“I was extremely fortunate that I had a job and insurance. I had a holistic approach to recovery that went on for a year,” she says.
During her recovery, Jamali realized the stigma that surrounds addiction.
“The disease may not have been my responsibility, but the recovery is 100 percent my responsibility. I learned that if I do my recovery daily, I can have an amazing life. In fact, a much better life than I did before, because in my old life, I had to numb the pain without actually feeling the pain,” Jamali says.
About six years into her recovery, Jamali received a breast cancer diagnosis. After undergoing six operations, she wound up having a double mastectomy. Through it all, she was able to take pain medication for a few days as directed.
“I gave them to my husband, and I didn’t know where they were in the house. I upped my recovery meetings during this time, too,” she says.
Around the same time, her mother nearly died from a stroke.
“I was able to cope with all of this without relying on a substance. As ridiculous as it sounds, I’m grateful for my experience with addiction, because in recovery, I gained tools,” Jamali says.
A new path forward
It took the Medical Board of California two years to review Jamali’s case. By the time they put her on probation, she’d been in recovery for two years.
For seven years, Jamali underwent urine testing once a week. However, after a year on suspension, her hospital allowed her to go back to work.
Jamali returned to work gradually. For the first three months, someone accompanied her on the job at all times and monitored her work. The physician in charge of her recovery also prescribed the opioid blocker naltrexone.
A year after she completed her probation in 2015, she left her job in anesthesia to embark on a new career in aesthetic medicine, which includes performing procedures like Botox, fillers, and laser skin rejuvenation.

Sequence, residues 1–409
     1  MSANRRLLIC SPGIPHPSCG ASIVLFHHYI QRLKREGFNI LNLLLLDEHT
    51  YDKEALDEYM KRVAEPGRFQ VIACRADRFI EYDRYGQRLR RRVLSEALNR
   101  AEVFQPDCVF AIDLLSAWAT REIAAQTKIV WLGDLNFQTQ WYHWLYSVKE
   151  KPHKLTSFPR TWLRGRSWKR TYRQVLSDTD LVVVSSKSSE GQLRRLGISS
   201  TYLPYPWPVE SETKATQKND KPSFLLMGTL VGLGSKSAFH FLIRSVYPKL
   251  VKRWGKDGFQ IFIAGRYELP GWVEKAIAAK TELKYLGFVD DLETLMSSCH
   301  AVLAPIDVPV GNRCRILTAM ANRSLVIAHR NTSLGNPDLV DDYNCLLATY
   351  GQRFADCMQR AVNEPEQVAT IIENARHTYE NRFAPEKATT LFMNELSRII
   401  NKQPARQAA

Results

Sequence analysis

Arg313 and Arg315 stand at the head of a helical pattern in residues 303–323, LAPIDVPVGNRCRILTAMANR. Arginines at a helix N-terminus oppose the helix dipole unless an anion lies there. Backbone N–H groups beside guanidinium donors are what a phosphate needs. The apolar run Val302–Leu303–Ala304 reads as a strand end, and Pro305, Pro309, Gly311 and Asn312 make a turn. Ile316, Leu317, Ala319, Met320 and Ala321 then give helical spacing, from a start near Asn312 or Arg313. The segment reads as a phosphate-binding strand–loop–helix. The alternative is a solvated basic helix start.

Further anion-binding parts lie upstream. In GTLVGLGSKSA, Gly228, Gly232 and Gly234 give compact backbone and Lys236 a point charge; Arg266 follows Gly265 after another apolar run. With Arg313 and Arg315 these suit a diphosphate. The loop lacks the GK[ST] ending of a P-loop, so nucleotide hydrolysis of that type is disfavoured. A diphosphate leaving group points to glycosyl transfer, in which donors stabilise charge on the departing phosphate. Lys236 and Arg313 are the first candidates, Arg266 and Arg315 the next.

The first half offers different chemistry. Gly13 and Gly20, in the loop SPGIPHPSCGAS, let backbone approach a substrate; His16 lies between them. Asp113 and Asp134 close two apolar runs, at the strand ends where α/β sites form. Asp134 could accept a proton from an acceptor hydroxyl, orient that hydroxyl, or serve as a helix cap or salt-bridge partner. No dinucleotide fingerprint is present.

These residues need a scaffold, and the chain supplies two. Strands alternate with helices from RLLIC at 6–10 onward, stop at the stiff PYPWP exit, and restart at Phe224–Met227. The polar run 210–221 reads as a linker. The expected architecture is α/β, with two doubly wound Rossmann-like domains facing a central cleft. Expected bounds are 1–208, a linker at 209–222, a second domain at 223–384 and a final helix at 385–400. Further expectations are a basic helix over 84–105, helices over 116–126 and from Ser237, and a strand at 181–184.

“I’m 50 years old now, and I’m really excited about the next chapter. Because of recovery, I’m brave enough to make decisions that are good for my life,” she says.
Jamali also hopes to bring good to others by advocating for opioid addiction awareness and change.
Although strides are being made to help alleviate the opioid crisis, Jamali says more needs to be done.
“Shame is what keeps people from getting the help they need. By sharing my story, I can’t control people’s judgement of me, but I can potentially help someone who needs it,” she says.
Her hope is to break the stereotypical addict often portrayed in the media and minds of many Americans.
My story, when it comes down it, is no different than the homeless person shooting up on the street corner,” Jamali says. “Once your brain is hijacked by opioids, even though you may not look like a typical user, you are the person on the street. You are the heroin addict.
Jamali also spends time talking with doctors who find themselves in the same situation she once was.
“If this started over an orthopedic injury to someone like me in their 40s with no history of drug or alcohol problems, it can happen to anyone,” Jamali points out. “And as we know in this country, it is.”